I wanted some more coffee and asked him to refill my cup. That entire conversation was too disconcerting and, I must confess, it was difficult for me to grasp it. When I thought that Loureiro was going to relieve my intellectual discomfort, he struck the final blow: “Only in the infancy of the soul we insist on thinking we are the center of the world and that the universe turns around our ego. From this stemmed the word ‘selfishness’. The natural outcome of love-related selfishness is jealousy, a feeling so strong we mistake it for love. The worse is that jealousy is connected to the feeling of insecurity and outdated ideas of domination.” Once again I asked the cobbler to further explain his thoughts. He was didactic: “The idea that we are absolute and the center of the world makes us believe that we have exclusive rights on everything and everyone. We use the word ‘engagement’ for our relations improperly, to hide the true feelings that move us: jealousy and selfishness. We want to dominate others due to conditionings and faulty education. When we become involved with someone who is a source of joy for us, we display the fear of their leaving.” He paused and added: “But how can you lose what is not yours to have?” Then, he said: “We have the delusion that happiness is only possible if we have in our hands all that involves us and all people we believe are important for our happiness. This is the origin of imprisonment. To tame causes pain, taming people brings along unavoidable suffering. We suffer due to other much less noble feelings, and we blame love for something it is innocent of. No one suffers from love.”

“We forget the lesson given by the sun and charge for heat and light, emptying the joy of those who orbit round us. Love is not demand or commitment; in fact, love is the remedy for this condition. It is freedom and plenitude. It triggers the magnetism that attracts everything.”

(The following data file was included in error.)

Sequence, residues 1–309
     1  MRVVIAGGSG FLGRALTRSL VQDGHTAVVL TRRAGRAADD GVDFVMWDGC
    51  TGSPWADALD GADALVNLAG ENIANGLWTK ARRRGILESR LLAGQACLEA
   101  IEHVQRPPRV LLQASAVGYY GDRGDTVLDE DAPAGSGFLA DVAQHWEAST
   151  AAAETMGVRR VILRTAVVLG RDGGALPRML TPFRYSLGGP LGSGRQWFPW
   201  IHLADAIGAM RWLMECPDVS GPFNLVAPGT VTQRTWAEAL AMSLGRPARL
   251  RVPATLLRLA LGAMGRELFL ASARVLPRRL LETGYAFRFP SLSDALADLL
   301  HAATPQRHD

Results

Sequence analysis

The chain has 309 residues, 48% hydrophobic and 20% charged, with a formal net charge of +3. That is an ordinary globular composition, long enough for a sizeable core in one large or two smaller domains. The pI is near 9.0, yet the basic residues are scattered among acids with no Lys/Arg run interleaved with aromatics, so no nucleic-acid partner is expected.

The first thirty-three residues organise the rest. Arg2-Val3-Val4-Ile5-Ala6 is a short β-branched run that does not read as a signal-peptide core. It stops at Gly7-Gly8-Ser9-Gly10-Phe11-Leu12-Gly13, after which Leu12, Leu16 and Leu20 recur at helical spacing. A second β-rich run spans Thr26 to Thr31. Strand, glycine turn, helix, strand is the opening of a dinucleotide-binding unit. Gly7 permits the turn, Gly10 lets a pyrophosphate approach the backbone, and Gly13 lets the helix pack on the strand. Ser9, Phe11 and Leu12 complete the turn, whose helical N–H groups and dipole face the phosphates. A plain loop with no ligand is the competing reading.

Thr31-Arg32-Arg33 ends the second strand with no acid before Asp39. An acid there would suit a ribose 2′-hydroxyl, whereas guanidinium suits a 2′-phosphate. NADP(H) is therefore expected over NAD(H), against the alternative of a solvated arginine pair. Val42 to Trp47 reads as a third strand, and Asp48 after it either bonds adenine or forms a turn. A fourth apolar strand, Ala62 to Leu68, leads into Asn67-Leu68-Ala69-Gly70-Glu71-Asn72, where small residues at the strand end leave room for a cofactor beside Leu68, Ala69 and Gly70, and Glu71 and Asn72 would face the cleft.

I wanted to know what was necessary to stop suffering. He furrowed his brow and said, seriously: “We often feel an existential void whose origin it is hard for us to identify. Then, we look for someone who can fill it up, and transfer the responsibility for our happiness. This is the perfect formula for failure and pain. Instead of treading the path of self-knowledge to heal the emotional fractures that prevent us from moving forward, instead of illuminating our own shadows that prevent us from evolving because they blame others for our suffering, we prefer to take the shortcut of finding someone who will solve the misery we feel. In short, we have the delusional idea that to love is to have someone who will make us happy. This causes stagnation which, in turn, makes us boring; this causes dependence that builds prisons with no bars.”

“What if we invert the equation? Taking over responsibility for one’s own happiness is to be ready to initiate on the Path. Honestly and boldly undertaking the process of self-knowledge to transform oneself is the first step. Not to demand anything from others and focus on the responsibility of sharing the virtues that blossom in your soul is a sign of evolution and fertile ground for love to flourish in one’s heart. This brings lightness, the freedom of being. This brings peace, the plenitude of being.”

“This change, in fact, is the breaking of the shell that prevents us from being whole and denies love in its entire dimension. One must renounce making any demands, just because no one owes us anything. If one claims any rights over the other, rest assured there is no love involved. If we feel like someone’s owner or creditor, it is not love that is guiding us. Love refuses domination because it is libertarian in its core. Demands cease to make sense once we realize they are like letters written to the wrong recipient.”

“Once we realize we are accountable for our happiness, and that no one owes us anything, all that is given to us, as little as it may be. No fruit grows off season. Love requires patience. Because it knows it cannot offer perfection, love allows compassion with the imperfections of the other to grow.”

“Only when we accept that the recipient of our love is not ourselves, but others we will feel the love’s entire power and strength pulsate. It is the process of developing wings that will allow flight to the High Lands. There is no other.”

We spent some time without uttering a word. I broke the silence and, moved, said that I had to go. I was late in re-writing all my letters, because I did not want to postpone an important meeting. Loureiro smiled.

Kindly translated by Carlos André Oighenstein.